Groups like Island City recruit performers from an itinerant contingent of professional actors, singers and other musicians who need to assemble a lot of different jobs to create something like a living wage. That’s where the term “gig economy” originated—jazz musicians back in the day called their engagements “gigs´. Wikipedia claims that the word originated in the 1920s and is short for “engagement”. That might just be folk etymology, but regardless of origin, this term has been adopted for all kinds of short-term work.

Some musicians and actors at some points in history have achieved the goal of steady work with the aid of Actors’ Equity and the American Federation of Musicians, but the vast majority of those who entertain us in the Bay and elsewhere must go it on their own with no union to back them up. Many go back and forth between managing productions and appearing in them. Professionals usually get small fees and they are supported by a lot of unpaid volunteers. -more-

The Editor's Back Fence

Speak Truth to Power in Berkeley on Wednesday: For a Price

Saturday January 11, 2020 - 11:29:00 AM

There are lots of important topics being dealt with, for the most part out of the public eye, in Sacramento these days. Besides the need to clean up the sloppy drafting of the former A.B. 5 (see the editorial above), we need to drive a stake through the heart of SB 50, Sacramento’s attempt to snatch land use planning away from local governments, which must be killed before the end of January if at all.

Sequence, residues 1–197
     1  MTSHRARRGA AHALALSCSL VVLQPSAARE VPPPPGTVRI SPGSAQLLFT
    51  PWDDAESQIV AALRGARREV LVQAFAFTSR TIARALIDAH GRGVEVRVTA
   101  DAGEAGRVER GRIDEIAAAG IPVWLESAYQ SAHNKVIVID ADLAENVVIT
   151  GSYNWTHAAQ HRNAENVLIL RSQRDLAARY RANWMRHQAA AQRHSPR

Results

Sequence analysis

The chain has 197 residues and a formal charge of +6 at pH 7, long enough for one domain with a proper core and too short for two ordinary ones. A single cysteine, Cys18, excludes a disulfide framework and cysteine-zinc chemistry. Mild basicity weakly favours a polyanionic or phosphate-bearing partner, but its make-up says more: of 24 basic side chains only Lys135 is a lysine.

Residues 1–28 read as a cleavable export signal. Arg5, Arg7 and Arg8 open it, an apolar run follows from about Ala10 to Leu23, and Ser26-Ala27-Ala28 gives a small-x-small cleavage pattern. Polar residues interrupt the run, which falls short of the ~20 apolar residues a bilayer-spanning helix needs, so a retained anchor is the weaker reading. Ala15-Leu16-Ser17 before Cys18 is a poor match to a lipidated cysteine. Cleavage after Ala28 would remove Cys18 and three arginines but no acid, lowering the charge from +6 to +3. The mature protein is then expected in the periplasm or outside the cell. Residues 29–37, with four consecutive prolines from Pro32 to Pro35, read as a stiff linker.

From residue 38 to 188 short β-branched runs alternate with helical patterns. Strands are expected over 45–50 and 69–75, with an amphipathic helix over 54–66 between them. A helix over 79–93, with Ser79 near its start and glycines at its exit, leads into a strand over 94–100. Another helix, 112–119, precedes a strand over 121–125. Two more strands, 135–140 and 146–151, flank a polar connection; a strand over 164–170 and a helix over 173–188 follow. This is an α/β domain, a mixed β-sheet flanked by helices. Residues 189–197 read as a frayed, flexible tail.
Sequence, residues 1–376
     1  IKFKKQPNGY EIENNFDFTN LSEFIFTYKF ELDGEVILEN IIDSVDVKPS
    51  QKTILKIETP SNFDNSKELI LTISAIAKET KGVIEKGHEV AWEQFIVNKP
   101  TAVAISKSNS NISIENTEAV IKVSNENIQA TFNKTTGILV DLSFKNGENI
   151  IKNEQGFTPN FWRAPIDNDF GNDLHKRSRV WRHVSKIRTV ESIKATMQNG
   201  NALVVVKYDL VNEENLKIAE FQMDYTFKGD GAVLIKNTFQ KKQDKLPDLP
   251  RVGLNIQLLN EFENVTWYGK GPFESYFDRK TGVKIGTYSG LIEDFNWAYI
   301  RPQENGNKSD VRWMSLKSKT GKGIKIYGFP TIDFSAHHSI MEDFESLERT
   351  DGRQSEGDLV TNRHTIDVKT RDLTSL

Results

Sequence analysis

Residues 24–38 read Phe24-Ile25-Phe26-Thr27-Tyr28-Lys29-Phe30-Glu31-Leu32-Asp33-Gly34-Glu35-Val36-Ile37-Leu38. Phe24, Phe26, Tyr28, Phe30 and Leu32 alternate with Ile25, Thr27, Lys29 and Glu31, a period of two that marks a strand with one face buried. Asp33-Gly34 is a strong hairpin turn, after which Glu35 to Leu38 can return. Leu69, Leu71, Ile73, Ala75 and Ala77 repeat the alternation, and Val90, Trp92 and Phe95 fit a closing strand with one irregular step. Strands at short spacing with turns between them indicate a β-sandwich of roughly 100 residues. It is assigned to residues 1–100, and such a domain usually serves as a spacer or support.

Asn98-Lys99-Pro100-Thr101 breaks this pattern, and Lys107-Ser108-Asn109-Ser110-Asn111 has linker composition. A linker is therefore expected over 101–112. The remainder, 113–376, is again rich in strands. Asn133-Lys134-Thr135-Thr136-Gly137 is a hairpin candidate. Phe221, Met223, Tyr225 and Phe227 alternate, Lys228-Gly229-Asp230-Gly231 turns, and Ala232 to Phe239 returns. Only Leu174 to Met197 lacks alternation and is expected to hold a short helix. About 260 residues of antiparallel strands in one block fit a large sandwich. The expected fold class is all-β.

If you’d like to bring your concerns to our local Assemblyperson Buffy Wicks, you might be interested in this invitation forwarded to me by a reader:

“Join Team Buffy in Berkeley on Wednesday, January 15th from 6:00 pm to 8:00 pm for an evening reception hosted by Honorable Tom Bates & Honorable Loni Hancock, Honorable Laurie Capitelli, Honorable Lori Droste, Honorable Rashi Kesarwani, Linda Schacht & John Gage, Elizabeth Echols, Ben Gould, George Perezvelez, and Honorable Susan Wengraf.

Let’s keep the momentum going as we approach the primaries in March! Please join us Wednesday, January 15th? -more-


THE PUBLIC EYE: 2000-2019: What Hath the Internet Wrought?

Bob Burnett
Saturday January 11, 2020 - 12:39:00 PM

While I usually write about politics, I'm also interested in technology. And, of course, technology is political. So here are a few observations about the social and political impact of the Internet in the first twenty years of the twenty-first century.

THE INTERNET turned fifty in October. The modern era of the Internet began in 1989 with the invention of the "world-wide web" and the first web browser. The past twenty years has seen rapid deployment of the Internet throughout the world -- although in some locations, such as central Africa, it's difficult to read your email without a satellite phone.

The vast expansion of the Internet has impacted all aspects of our lives, from our daily personal rituals to the conduct of our businesses. It's been facilitated by the develpment of high-speed telecommunication networks, LTE (long-term evolution) -- mostly 4G in the U.S. And by the advent of the PDA (personal data assistant) and e-commerce (electronic commerce). -more-

ON MENTAL ILLNESS: Antipsychotics: A Chemical Straitjacket?

Jack Bragen
Saturday January 11, 2020 - 01:12:00 PM

Although I've taken antipsychotics for more than thirty years, and I swear by them, they are not an ideal treatment. This is because an ideal treatment for a psychotic disorder hasn't yet been discovered. We have medications, counseling, and, to augment these, training oneself to recognize delusional thoughts. None of these three alone are enough; we need all three.

Medication causes a lot of problems for the patient. Antipsychotics depress the central nervous system. They restrict the flow of information in the brain. Everything is affected by this. It is harder to brush your teeth. It is harder to get up out of your chair and do calisthenics. Any attempt at connecting with, and/or exerting the body is harder.